Praying for recovery
Candlelight vigil held for hospitalized Chesapeake officer
CHESAPEAKE — A community came together on Monday to pray for the recovery of a Chesapeake police officer who was injured in a car crash over the weekend.
Aaron Christian remains in intensive care at Cabell Huntington Hospital, where he is in critical condition from injuries sustained in an accident Sunday on State Route 7. A candlelight prayer vigil took place at Triangle Park in Chesapeake, where hundreds came out to support the friendly, young officer they said was dedicated to serving the village.
Former Chesapeake Police Chief Lenny Abrams opened the vigil.
“We all know why we’re here,” he said. “Aaron is a great guy.He has served you guys faithfully. We need to pray for his recovery.”
The crowd drew people from across the region, with members of law enforcement and first responders heavily represented.
Randy Thompson, of Proctorville’s police department, spoke of how members of those departments had all turned out to the hospital for Christian.
“It’s not them, not us,” he said. “We’re one together. If one of us goes down, we all do.”
Thompson told the crowd of the service that members of law enforcement provide to the community, and of the dangers involved with the job.
“Tonight, the thin blue line got a little bit thinner,” he said. “We need you to be there for us, too.”
Before the group bowed their heads in prayer, Shellie Webb, the daughter of Chesapeake Fire Chief Ed Webb and Debbie Webb sang “Thy Will,” a faith-based song by Hillary Scott.
Following the prayer, people lined up to sign a “Get well” card for Christian, with area first responders signing a second poster with well wishes.
Christian, 24, is still a relative newcomer to the village’s police force, having been sworn in by former Mayor Dick Gilpin before leaving office.
“He’s been with us about a year now,” Gilpin said.
Christian previously worked for the Coal Grove Police Department. Earlier this year, he carried out the duties of police chief in the period between the removal of Dennis Gibson and the hiring of Abrams.
When called to testify at a hearing at council this spring, Christian spoke of how much enjoyed serving the village.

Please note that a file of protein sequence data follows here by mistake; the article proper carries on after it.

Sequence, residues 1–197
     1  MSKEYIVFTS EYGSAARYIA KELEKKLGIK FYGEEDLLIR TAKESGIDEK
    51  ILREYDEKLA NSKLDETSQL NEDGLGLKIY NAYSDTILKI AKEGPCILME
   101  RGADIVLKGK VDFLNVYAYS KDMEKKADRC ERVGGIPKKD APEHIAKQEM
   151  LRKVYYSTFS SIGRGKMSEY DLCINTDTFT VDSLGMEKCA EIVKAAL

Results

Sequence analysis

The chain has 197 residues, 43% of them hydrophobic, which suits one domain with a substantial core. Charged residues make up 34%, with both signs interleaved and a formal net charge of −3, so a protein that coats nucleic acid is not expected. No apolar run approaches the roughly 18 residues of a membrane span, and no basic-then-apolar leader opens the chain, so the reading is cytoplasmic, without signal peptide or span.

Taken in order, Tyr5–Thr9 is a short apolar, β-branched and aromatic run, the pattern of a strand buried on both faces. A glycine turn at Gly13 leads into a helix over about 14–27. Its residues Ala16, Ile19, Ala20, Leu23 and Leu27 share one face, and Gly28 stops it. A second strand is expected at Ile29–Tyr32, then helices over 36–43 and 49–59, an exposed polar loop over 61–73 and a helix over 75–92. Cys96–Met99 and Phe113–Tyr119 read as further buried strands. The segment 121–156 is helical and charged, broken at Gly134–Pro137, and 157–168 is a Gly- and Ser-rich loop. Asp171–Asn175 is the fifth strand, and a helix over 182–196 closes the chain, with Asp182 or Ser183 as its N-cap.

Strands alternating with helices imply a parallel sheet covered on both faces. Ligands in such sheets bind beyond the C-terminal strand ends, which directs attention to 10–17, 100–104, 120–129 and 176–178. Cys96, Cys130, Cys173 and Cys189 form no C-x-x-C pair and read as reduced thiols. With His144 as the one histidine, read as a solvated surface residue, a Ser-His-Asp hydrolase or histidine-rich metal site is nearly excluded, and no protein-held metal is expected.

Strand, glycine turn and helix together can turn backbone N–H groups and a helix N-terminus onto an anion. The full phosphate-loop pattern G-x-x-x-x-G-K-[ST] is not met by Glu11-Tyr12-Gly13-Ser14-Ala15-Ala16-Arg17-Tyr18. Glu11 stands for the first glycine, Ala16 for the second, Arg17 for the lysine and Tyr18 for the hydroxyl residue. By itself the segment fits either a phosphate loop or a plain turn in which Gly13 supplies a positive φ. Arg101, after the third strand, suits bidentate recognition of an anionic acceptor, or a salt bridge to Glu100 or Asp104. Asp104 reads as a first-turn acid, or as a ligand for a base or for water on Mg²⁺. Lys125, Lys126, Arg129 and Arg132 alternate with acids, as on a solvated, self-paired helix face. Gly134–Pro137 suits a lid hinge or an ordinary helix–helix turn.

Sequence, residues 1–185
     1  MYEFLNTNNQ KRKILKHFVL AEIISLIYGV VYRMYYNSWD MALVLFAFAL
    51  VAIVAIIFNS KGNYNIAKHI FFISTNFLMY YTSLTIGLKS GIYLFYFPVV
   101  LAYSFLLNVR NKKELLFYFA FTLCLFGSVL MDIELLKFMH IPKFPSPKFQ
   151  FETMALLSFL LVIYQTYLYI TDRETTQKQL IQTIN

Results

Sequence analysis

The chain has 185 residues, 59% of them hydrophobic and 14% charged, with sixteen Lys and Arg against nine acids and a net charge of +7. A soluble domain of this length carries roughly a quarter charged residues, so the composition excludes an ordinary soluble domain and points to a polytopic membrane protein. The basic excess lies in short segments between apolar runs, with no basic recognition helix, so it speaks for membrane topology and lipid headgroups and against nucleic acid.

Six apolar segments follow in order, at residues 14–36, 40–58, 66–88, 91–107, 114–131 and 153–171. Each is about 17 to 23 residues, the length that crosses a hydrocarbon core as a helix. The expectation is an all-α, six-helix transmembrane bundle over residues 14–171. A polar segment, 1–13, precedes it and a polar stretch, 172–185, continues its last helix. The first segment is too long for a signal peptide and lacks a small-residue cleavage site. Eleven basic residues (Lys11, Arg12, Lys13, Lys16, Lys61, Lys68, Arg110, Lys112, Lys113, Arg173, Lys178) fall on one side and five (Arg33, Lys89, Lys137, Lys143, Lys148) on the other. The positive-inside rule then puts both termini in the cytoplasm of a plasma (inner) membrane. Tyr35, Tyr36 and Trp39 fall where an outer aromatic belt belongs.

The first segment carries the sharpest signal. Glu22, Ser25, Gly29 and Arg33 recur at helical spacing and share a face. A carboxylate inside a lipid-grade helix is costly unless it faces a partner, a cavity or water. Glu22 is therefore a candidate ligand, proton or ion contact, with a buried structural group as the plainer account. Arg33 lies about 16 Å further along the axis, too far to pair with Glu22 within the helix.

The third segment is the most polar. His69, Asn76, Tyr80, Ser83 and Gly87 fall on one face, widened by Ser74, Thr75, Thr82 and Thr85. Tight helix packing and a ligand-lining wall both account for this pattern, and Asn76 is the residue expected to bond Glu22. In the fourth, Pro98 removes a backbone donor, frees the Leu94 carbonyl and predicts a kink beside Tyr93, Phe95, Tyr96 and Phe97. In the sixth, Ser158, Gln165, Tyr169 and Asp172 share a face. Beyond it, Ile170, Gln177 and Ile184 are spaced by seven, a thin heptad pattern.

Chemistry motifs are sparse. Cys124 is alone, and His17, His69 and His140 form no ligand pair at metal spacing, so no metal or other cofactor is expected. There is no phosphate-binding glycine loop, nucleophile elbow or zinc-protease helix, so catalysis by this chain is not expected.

“I love this community,” Christian said. “The people are easygoing.”
Following the resignation of Abrams and two other officers on Sept. 6, Christian served as the village’s lone patrolman until a new officer was hired last Monday.
Abrams said he knew Christian before coming to Chesapeake, having taken him for ridealongs in South Point when Christian was still in the academy.
“He’s a super great guy,” Abrams said. “He always does what he needs to.”
Abrams, who works full-time for South Point’s police, said the accident is still under investigation by the highway patrol, who are trying to reconstruct the crash.
He said they are studying a few possibilities as to what happened, and a final report will be made available later this week.
Christian was traveling south on Route 7 at about 2:36 a.m. Sunday, when he lost control of his vehicle, driving off the right side of the road and striking a tree, guardrail and utility pole and overturning down an embankment. First responders found him in a ditch near the vehicle, which was on fire.
Abrams, who traveled to the accident scene, said Christian has shown positive signs in the past 24 hours.
“He’s improving,” he said. “It’s looking a lot better.”
Christian’s father, Jack, spoke of the changes in his son’s condition on Monday.
“Today has been a lot better,” he said. “He’s not out of the woods yet, but he’s miles from yesterday, when we almost lost him a few times.”
He expressed his gratitude to the community for their support.
“Thanks, everyone,” he said. “I can’t believe all of this, seeing how much people care. I wish I could just hug everyone here.”
As the vigil came to an end, Debbie Webb offered a final plea for the gathering.
“As we extinguish these candles, don’t let down your prayers,” she said. “He still has a long way to go.”